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Firewalls, etc.


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I'm seriously thinking of making the leap to DSL, but I'm nervous about having my computer "open" on-line, all of the time. I'm sure most of you noted that post a few days ago by the gentlemen who talked about how much fun it was to browse other peoples' computers via DSL, looking at credit card numbers, etc.

Is there any really tough protection available in a firewall or something like that, or is it a waste of time and money? Yeah, I know if a hacker is skilled and has time you can't stop him, but what about just being as "hard" a target as possible? Is it worthwhile to try?

Brian G.

Dial-Up Dinosaur [:-indifferent]

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If you are running XP w/ the firewall, you are reasonably protected against garden variety hackers. Installing a network w/ a router also provides another layer.

I never turn my computer off; never had a problem w/ hackers.

For as much time as you appear to be online, I can't believe you don't have high speed something; DSL, cable, whatever. Get hooked up, man! Whenever I find myself w/ a dial up requirement, I don't even try. It's like having 2 flat tires on the expressway; call the tow truck, I give up.

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Originally posted by kurt

For as much time as you appear to be online, I can't believe you don't have high speed something; DSL, cable, whatever. Get hooked up, man!

Well, you know, if you've never eaten steak you don't miss it when you eat a hamburger. I'm gonna get it though. I'm downloading more and more, and man does that take forever with dial-up. All part of an overhaul of my tech equipment and abilities while things are good and the money is there.

Does anyone have a specific firewall product they know of that stands out from the crowd, or are they all pretty comparable?

Brian G.

Gittin' Jiggy With the 'Puter Stuff

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I'm no computor expert, but I have a cable modem and my wife and I have separate computers hooked up through a router. I don't use a firewall. I do use Norton anti-virus.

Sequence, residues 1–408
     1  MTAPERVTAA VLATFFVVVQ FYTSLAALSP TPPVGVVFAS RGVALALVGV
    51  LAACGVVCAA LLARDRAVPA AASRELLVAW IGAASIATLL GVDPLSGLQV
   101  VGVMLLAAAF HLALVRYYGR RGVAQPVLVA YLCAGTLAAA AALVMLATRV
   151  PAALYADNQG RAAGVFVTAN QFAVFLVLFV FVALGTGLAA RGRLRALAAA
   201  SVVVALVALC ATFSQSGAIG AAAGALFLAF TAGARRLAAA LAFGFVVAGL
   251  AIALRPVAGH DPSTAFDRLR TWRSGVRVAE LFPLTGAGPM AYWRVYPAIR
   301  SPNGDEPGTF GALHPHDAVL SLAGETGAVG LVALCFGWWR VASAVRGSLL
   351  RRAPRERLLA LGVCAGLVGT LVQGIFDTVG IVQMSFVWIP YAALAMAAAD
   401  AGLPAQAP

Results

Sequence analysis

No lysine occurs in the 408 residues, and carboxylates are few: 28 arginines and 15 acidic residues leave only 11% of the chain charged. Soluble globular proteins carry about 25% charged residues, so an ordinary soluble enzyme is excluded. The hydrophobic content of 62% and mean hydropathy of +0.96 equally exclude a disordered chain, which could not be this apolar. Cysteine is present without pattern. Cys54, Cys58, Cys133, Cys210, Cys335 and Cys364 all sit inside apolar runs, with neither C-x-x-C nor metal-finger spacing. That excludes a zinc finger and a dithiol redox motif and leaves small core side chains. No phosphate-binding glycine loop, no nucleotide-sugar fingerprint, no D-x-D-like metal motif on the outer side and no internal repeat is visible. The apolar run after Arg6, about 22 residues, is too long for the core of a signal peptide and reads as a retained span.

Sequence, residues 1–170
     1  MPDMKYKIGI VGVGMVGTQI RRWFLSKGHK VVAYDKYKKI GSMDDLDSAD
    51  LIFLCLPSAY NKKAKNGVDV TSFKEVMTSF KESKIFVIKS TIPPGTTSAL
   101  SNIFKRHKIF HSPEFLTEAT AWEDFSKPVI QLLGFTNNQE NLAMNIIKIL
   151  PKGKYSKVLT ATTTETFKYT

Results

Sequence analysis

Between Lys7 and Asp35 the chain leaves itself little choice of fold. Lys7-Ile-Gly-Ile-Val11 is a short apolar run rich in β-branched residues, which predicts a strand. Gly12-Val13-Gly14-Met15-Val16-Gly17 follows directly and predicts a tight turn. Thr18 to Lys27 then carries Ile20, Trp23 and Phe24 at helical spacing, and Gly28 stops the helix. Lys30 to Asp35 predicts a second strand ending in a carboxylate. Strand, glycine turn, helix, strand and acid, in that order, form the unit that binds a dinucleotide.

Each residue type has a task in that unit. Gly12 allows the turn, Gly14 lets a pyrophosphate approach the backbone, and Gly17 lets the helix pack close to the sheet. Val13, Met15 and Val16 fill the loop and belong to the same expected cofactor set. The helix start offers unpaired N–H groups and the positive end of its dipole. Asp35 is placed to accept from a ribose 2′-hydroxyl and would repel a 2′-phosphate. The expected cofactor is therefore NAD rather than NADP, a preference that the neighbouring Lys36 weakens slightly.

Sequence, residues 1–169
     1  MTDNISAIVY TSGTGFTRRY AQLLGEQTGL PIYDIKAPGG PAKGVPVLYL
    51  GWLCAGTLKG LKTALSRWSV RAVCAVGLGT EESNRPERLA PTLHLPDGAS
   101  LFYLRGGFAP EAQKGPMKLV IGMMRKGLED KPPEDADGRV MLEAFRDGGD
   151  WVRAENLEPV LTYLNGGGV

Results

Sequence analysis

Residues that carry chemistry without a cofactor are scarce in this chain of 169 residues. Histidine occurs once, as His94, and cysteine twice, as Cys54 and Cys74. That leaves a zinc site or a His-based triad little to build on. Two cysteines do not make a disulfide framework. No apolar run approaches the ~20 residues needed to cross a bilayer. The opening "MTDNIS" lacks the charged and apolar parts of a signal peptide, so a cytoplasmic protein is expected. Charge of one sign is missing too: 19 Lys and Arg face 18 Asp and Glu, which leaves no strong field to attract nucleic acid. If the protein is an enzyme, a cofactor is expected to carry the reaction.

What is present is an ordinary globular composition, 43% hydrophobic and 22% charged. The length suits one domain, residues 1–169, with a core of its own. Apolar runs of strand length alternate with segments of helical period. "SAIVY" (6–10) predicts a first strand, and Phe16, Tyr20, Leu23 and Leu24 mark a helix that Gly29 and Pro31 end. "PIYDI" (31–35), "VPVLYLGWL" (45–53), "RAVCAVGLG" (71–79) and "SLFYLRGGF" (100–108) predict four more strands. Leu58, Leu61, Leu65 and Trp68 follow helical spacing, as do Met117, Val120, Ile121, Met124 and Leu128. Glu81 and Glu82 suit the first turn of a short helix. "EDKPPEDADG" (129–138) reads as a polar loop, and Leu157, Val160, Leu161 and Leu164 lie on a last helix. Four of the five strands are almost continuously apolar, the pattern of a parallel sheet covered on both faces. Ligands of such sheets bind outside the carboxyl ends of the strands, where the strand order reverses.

I was told that a router makes it a little more difficult for a hacker to find you in the first place. I shut down the computer when not in use, and I can't see how anyone can get into your computer if it's not powered up, but I'm sure someone will correct me if I'm wrong.

I'm not aware of any problems here.[:-dopey]

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Originally posted by hausdok

Yes,

You are connected, but there is still a modem. If you don't open your browser and click on an address, nobody can access you. For instance, when I'm looking at my desktop my cable is on, but nobody can get into my database. When I open a browser and am not in offline mode it is possible if I don't have a firewall in place.

At least, that's my understanding of it. (Of course, being the world's premier compuidiot, I could be wrong.......AGAIN.

ONE TEAM - ONE FIGHT!!!

Mike

Wrong [:-dev3]

Captain

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I have a confession, actually two.

I didn't have DSL until about three weeks ago. I'm not sure how I survived in this world without it. I understand from Sprint that I have the slowest type of DSL. It's so much more freakin' faster than dial up it's headspinning! [:-hspin]

My other confession is that sometimes on the weekend I get bored listening to all the Fix-it-upper, DIY radio shows and turn on Kim Komando's Techie Show. It's amazes me someone that good lookin can be so darn smart. She recommends Zone Alarm for a firewall. Right after getting DSL, I bought, downloaded and installed it. Pretty neat. You can find Zone Alarm at http://www.zonealarm.com I also use Nortons anti virus software and have auto update.

Donald

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Originally posted by Donald Lawson

My other confession is that sometimes on the weekend I get bored listening to all the Fix-it-upper, DIY radio shows and turn on Kim Komando's Techie Show. It's amazes me someone that good lookin can be so darn smart.

Never heard of her. You got a good photo to post? Maybe I'd recognize her then. [:D]

Brian G.

Always Interested in Meeting New People [:-eyebrows]

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Donald my brother,

You are the man! That website is loaded with info for computer dummies like me. I emailed several "Daily Tips" to myself about firewalls, settings, security, etc. All 1 page, very readable stuff with specific instructions about what to click and what to change. The only downside I saw is that the stuff isn't print-ready.